The music of the Black Atlantic is our global soundtrack. Over many centuries, enslaved people in the Americas gathered together when they could — on the edges of plantations, in town squares on market days, in the streets during religious festivals. The songs and sounds they created accompanied the dead as their spirits traveled home to Africa. At times this music accompanied revolt. Songs spoke of freedom and a different future. In slavery and in the struggles for equality that followed, music provided solace and created solidarity. From these roots flourished some of today’s most popular music, from salsa to hip-hop, blues to reggae.
Over six nights in Durham, we’ll hear some of the legacies of this history. We’ll hear the sounds of a new generation of griot musicians from Mali, carriers of a tradition that seeded forms of song and story throughout the Americas. We’ll hear music from both sides of the island Columbus called Hispaniola, now encompassing Haiti and the Dominican Republic, music that reminds us of the deep connections between the two. We’ll understand how African musical traditions have been kept alive, but also transformed, from generation to generation, as we journey to El Clavo, in Venezuela, and to the coasts of Belize. There the Garifuna – descendants of the Black Caribs of St. Vincent – keep alive their intertwined indigenous and African heritage through ritual and music. And we’ll experience the new connections being made between Caribbean and Spanish musical traditions.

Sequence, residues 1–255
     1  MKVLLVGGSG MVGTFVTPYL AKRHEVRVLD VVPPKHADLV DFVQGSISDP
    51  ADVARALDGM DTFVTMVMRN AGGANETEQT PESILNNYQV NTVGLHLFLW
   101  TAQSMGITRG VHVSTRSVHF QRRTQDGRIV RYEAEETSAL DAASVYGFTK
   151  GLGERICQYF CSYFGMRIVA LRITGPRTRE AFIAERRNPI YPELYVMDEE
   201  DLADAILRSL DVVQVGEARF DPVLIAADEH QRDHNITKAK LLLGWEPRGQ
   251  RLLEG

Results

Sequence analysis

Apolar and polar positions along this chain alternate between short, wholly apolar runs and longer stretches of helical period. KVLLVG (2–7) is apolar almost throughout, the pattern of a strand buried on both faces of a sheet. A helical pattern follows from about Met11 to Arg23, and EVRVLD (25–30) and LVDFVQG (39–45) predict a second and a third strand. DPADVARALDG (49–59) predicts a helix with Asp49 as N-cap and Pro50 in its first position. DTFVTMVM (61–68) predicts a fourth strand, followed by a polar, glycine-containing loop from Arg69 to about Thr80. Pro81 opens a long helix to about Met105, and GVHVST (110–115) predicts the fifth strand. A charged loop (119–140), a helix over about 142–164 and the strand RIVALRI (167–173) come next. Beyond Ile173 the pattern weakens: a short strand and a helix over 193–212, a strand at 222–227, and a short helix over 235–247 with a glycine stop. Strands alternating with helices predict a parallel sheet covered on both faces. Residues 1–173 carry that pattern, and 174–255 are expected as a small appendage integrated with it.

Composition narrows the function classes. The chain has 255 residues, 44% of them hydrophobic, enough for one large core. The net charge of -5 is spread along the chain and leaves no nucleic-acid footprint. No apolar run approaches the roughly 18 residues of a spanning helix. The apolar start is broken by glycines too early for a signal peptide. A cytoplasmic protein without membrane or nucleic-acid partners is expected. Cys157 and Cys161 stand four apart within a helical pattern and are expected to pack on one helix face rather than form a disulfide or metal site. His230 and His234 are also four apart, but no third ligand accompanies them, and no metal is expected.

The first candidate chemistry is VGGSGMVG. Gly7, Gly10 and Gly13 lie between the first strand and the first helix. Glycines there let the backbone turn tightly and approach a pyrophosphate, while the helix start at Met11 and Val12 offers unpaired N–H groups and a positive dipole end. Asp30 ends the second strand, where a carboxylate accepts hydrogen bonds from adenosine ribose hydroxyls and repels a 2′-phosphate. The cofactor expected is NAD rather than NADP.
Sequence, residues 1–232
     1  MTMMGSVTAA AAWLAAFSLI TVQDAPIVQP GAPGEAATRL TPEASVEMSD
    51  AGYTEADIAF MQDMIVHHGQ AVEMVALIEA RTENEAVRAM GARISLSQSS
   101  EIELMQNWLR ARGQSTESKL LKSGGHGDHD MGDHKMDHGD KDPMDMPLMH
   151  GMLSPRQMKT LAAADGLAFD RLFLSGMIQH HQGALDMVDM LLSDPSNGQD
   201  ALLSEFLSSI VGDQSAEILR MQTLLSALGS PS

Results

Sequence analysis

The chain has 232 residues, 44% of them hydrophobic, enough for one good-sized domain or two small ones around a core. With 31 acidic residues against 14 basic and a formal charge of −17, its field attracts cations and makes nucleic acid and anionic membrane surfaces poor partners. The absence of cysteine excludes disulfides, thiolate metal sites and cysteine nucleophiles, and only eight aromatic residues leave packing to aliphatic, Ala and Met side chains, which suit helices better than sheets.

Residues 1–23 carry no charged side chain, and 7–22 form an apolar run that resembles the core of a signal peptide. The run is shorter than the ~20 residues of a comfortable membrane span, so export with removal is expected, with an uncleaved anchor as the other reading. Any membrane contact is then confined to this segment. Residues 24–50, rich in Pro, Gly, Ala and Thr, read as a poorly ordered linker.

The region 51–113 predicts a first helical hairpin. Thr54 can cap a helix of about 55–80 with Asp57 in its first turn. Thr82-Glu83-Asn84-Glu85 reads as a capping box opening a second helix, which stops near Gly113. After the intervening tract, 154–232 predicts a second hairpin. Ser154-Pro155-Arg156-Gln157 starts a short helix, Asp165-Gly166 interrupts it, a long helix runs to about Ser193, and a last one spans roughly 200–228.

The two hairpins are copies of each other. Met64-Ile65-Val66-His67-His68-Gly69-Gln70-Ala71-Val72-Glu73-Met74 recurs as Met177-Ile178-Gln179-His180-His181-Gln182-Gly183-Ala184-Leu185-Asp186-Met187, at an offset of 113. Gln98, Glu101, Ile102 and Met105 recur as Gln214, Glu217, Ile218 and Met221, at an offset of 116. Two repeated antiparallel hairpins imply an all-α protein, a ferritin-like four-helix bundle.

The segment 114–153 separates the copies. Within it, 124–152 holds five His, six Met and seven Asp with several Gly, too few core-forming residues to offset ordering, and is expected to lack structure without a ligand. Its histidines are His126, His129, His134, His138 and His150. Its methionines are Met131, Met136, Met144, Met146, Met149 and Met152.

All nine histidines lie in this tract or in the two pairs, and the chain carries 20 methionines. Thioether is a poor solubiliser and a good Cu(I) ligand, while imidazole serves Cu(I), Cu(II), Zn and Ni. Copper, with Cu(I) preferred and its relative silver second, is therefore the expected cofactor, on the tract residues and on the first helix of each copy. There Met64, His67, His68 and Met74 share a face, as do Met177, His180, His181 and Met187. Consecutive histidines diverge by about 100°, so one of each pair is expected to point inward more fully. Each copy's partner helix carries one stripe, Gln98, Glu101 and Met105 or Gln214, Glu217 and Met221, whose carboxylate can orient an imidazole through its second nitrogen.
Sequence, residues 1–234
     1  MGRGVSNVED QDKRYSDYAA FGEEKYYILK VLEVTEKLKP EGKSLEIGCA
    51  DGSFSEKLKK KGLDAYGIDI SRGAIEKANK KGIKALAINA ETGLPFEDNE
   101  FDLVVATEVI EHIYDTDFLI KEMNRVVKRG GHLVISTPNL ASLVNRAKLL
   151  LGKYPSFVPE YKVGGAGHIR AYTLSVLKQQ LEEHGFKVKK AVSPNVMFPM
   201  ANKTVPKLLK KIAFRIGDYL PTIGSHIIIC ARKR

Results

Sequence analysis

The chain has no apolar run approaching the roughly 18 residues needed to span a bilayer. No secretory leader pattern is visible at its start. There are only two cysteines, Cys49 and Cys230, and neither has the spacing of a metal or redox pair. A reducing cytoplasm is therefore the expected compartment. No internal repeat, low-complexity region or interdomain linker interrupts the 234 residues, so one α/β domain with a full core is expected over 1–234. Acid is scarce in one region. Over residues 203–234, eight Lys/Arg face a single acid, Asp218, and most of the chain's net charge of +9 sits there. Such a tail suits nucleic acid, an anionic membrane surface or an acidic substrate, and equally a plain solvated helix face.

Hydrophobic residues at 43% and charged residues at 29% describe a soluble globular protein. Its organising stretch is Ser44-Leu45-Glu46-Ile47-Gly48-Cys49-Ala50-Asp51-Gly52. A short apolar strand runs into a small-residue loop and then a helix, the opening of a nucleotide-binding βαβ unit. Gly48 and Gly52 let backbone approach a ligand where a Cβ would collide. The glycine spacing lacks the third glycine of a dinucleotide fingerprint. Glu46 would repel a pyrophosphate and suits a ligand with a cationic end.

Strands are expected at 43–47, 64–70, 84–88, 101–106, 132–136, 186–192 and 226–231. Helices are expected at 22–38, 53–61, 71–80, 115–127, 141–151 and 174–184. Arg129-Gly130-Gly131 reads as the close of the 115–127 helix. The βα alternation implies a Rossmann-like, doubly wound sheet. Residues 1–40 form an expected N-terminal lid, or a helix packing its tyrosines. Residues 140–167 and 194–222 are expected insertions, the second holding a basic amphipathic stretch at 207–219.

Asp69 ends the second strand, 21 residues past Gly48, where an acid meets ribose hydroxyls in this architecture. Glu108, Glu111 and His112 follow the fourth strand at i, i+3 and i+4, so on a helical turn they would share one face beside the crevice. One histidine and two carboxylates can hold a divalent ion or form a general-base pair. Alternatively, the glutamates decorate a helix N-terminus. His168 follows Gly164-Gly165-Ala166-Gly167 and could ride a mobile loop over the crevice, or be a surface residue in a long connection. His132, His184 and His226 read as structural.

These six concerts offer a multiplicity of beats, sounds, calls, and rhythms. But they also remind us of common routes, of the ways Black Atlantic music has helped turn exile and exclusion into grounding and connection.
— Laurent Dubois
Professor of Romance Studies and History,